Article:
Bamboo Cyberdream

a panda wanders the electronic landscape

Game Ideas

Blatantly inspired by Josh Olson’s excellent I Will Not Read Your Fucking Script, which is worth your time. I am not as foul-mouthed or incisive as he is, unfortunately.

I meet you at a party. Or a wedding. Or a bar. Doesn’t matter. Maybe we have mutual friends, or just struck up conversation over some humorous occurrence that we both witnessed. We’ll talk movies, football, the weather, and music. Eventually, you ask what I do for a living.

“I’m a game developer.”

“Oh, let me tell you — I have the best idea for a game.”

It’s at this point that our interaction has become terribly unpleasant for me. Let’s go through the possible outcomes here.

Your idea is bad

In all honesty, this is the most likely status of your idea. This is nothing personal; the vast overwhelming majority of ideas are bad. I know you’re convinced that your combination of Prince of Persia with Call of Duty is obviously and undeniably awesome, but there’s a reason new genres come along so rarely. And that really sweet character you have in your head, the one who’s the ninja with a heart-of-gold but a dark past out to rescue his pet elephant? That’s not a game, and neither is your pre-apocalyptic caveman story. Your vague notion about color matching (but on Facebook, you know, like Farmville!) is even less a game than the previous ideas.

And now I have to respond. I try not to be an asshole, so here’s what you’ll see. The eye contact that I was previously maintaining will be broken as I stare at a point just beyond your left shoulder. My eyes widen, my lips purse, and I’ll start nodding a lot. This is as close as I’ll come to telling you that this idea is terrible. Eventually I’ll emit a few chuckles and try to change the subject.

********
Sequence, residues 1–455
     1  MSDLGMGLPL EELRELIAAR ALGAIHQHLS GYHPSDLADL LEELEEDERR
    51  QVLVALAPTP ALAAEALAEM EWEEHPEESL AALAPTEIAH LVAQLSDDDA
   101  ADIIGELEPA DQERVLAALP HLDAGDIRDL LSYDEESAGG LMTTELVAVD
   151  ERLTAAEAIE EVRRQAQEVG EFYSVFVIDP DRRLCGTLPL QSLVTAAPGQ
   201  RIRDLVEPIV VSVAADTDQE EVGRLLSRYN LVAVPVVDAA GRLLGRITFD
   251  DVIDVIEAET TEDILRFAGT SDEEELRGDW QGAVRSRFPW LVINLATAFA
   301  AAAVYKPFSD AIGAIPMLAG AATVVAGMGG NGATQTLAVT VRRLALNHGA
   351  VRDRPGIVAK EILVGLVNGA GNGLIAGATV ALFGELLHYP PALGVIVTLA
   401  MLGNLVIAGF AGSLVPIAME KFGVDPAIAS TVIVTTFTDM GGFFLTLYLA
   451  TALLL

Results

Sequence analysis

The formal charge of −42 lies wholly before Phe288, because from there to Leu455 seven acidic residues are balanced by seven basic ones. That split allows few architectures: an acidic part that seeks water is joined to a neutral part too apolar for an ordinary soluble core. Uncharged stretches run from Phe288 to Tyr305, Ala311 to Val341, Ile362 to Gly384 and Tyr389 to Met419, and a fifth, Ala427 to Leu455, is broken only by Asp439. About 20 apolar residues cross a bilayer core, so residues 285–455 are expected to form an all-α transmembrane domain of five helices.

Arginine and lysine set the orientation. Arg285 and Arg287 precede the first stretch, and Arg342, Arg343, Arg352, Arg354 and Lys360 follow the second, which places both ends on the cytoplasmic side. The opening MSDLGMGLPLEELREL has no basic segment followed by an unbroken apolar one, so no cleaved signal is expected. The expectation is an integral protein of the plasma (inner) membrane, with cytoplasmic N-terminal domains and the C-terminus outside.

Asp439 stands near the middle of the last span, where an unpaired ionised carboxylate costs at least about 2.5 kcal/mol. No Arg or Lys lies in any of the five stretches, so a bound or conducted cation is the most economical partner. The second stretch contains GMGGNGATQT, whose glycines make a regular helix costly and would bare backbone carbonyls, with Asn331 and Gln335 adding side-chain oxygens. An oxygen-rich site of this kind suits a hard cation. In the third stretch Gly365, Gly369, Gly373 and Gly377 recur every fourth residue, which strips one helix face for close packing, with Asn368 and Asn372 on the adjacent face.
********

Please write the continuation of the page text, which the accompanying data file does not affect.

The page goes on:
Thanks for adding a big dose of awkward to my night, and making me a lot less likely to accept your Facebook request.

Your idea is good

Congratulations, you have an awesome idea! Nobody has ever topped Derek Sivers’s explanation of why ideas by themselves are worthless, so go read his post and come back.

But now you’ve left me to explain that to you. And how vanishingly few games are made by a single person, especially if that person has no programming experience (which you invariably don’t have). If I was an amateur developer, you might be lucky enough to have a partner in your hobby, but no, I will not leave my steady job with its world-class co-workers and 401(k) to help you make this game.

I’ll recommend a lot of resources for learning to make games, and you’ll either be discouraged by how little those first projects resemble what you have in your mind, or you won’t even look at those resources and continue to try and attract some people by posting on game dev forums about how you “just need a few programmers and maybe an artist” to get it off the ground. The role of the “idea person” is a sexy one, and you’re convinced that could be you. My warning of how that’s not really a role in any creative industry go unheeded and you chalk me up as a jerk trying to destroy your dreams.

Man, it would have been way easier to just tell you your idea sucked. But then I would be lying!

Even if your idea is so good that I want to help you, what now? I am not an executive at my company, and thus can’t do anything to bring you in there. Even if the few people I know who fund game development are interested in a pure idea (which strains the definition of “long shot”), I’ve never worked with you and thus am not willing to stake my reputation on vouching for you to those people. So now I’m an asshole for killing your dream, and I feel guilty for not being able to help you.